Bob, Actually, I don’t disagree with you as much as you think, and I may get around to posting something along those lines. But for the moment, I’ll just respond to a couple of things in your comment that I do take issue with.

1. In every country using every weapon. The question is not whether mass killings ever happen elsewhere or if mass killers ever use other weapons. Lung cancer can happen to anyone and for many reasons. But that doesn’t mean that smoking doesn’t cause lung cancer. The rate is higher among smokers. Similarly, the rate of this kind of killing is greater in the US, and the rate by gun is much higher than the rate by other methods.

Go to the Wikipedia pages and look at the W (weapons) column, and since we’re talking about the US, let’s look at only US cases. Let’s make a deal: I’ll give you $2 for every non-firearm weapon, you give me only $1 for every firearm. To make it more accurate, we’ll multiply that by the number dead. Deal or no deal?

2. The car crash. Intent is important. People do things that increase their risk of harm – joining the military for example - but they do not do so with the intent of getting killed or maimed. The intent of James Holmes is very clear.

3. Normal guns. Yes, lots of people by these things. That’s what I said. In many states in the US, it’s real easy for just about anyone to buy a weapon that can fire 60-100 bullets in a minute. You don’t even have to deal with shady and potentially untrustworthy criminals – unlike buying, say, marijuana. For the relatively few (20 a year) people who want to be a mass killer, US gun laws provide a welcoming environment.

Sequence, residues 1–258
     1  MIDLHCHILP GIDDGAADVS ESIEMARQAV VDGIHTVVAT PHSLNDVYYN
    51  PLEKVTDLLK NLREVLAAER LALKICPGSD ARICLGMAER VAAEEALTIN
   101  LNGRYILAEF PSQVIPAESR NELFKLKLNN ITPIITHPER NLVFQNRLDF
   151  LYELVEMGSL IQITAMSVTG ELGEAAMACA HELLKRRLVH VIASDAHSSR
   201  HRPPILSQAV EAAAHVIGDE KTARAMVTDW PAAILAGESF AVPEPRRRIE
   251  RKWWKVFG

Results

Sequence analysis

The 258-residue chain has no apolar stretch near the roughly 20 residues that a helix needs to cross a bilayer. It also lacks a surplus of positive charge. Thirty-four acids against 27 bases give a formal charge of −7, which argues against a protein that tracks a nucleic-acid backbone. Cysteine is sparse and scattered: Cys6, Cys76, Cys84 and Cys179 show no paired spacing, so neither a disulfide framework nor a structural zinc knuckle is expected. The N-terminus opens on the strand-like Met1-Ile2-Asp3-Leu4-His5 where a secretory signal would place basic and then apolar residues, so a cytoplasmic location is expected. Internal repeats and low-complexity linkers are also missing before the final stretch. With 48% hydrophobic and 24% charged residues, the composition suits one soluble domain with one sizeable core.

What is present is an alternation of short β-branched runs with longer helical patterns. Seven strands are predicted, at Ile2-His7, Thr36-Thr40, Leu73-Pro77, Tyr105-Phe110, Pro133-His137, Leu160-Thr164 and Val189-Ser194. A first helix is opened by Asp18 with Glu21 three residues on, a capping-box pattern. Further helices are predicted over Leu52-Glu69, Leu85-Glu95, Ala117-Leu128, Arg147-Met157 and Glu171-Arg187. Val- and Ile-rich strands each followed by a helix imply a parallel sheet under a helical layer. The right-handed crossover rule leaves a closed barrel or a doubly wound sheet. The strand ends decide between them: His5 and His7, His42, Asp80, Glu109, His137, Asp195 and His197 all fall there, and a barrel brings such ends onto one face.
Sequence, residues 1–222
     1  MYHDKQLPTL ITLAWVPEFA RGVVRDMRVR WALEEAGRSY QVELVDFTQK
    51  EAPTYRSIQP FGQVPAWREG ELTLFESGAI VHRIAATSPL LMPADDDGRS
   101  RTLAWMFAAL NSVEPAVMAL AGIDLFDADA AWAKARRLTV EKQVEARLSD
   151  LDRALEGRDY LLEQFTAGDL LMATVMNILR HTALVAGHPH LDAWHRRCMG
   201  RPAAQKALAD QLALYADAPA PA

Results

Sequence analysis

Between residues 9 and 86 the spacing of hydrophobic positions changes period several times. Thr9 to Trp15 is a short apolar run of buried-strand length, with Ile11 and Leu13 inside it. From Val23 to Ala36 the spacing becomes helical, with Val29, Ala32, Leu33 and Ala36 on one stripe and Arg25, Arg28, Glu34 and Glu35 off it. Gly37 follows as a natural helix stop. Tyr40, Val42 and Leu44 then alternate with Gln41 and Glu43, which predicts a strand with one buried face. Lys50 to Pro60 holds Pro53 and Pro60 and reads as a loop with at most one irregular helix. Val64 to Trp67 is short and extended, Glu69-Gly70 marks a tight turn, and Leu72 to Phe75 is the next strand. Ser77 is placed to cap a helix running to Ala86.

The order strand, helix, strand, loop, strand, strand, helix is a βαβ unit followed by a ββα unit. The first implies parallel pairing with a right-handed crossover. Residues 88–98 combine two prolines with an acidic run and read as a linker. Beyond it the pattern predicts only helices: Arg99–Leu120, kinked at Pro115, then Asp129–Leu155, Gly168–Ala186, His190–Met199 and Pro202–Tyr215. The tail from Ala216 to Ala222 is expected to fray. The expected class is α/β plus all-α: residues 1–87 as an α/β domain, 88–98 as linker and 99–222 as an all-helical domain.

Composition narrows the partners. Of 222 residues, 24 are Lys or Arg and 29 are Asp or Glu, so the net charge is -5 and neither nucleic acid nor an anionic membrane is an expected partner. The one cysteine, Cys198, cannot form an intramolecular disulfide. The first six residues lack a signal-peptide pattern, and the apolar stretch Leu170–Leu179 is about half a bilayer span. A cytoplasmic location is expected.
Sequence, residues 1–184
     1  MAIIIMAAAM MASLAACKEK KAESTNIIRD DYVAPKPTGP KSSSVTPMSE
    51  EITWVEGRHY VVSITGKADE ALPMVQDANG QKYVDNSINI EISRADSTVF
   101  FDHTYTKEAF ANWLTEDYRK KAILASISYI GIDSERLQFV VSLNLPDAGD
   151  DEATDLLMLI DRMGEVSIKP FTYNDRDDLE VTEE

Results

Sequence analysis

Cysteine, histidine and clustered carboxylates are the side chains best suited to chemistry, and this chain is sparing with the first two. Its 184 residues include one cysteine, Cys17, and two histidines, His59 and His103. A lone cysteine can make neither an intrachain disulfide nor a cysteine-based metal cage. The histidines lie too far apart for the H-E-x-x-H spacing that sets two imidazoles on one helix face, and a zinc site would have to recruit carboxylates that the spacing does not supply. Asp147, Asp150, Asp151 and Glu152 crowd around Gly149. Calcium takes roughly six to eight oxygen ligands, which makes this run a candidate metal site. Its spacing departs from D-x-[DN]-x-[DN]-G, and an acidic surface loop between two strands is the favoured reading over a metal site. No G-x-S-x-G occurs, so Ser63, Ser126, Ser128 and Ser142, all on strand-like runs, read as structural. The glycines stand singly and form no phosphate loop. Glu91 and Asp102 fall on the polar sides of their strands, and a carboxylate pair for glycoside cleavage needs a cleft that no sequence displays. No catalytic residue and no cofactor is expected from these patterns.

4. Perhaps the AR-15 does not fit the precise definition of an assault rifle – that “AR” can fool the uninformed. Do we know yet whether Holmes had converted his to fully automatic. Even if not, regardless of what category it falls into, it was sufficient to kill 12 people and would another 58 in a matter of a couple of minutes. (I don’t think we know yet how many bullets did not hit anyone, nor how many of the victims were hit after he switched to his Glock.)

Jay Livingston said...


1. Do you have a source for numbers of “multiple person public shootings per capita” – especially if it’s broken down by country and by numbers of victims per incident (especially if “multiple” is anything from 2 on up). If there are no differences in the rates of mass shootings, that doesn’t change the basic point that it’s easier to kill a lot more people with guns than you can with other weapons. It just means that people in places with stricter gun laws can also get guns. (BTW, does that include mass shootings by members of terrorist groups? It’s one thing to get your weapon of mass killing through an organized underground group or gang you are a member of. It’s quite another to get it as an individual.)

2. You say gun ownership has been going down. Bob S., who seems to know something about guns, says, “Ownership of firearms is increasing.” Can you both be right?

3. I didn’t see Will’s post as particularly libertarian. I said that it was about the universal (human nature) rather than the variable because he offered no comparisons. His point was that socialization and social control are powerful. Fine. No argument. But it’s not very interesting until you can make comparisons. Even his “why aren’t there more” doesn’t mean much without a comparison. Is the number of mass killings a lot or a little? Compared to what? (Is a height of 6'4" tall and an income of $200,000 a lot? Not in the NBA.)